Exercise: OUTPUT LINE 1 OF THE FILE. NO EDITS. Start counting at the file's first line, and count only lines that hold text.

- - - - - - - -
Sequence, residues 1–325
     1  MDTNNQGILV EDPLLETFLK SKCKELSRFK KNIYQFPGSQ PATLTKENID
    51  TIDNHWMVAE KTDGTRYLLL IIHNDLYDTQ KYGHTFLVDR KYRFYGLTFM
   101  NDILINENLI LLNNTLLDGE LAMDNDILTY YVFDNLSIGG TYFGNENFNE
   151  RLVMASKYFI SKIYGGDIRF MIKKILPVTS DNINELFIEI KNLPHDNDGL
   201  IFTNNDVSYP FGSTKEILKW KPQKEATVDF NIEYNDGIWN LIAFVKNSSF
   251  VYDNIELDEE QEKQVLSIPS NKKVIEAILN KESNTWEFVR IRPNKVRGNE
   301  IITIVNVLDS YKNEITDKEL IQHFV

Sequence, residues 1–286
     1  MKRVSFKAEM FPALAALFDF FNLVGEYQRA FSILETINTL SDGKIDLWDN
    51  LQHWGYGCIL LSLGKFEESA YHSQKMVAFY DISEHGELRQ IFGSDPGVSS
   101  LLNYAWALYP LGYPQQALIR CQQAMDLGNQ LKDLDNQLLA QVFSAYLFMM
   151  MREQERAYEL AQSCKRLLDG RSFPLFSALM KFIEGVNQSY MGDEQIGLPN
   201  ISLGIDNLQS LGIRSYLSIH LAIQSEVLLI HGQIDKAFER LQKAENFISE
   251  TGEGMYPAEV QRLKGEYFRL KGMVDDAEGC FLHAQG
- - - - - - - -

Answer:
Sequence, residues 1–325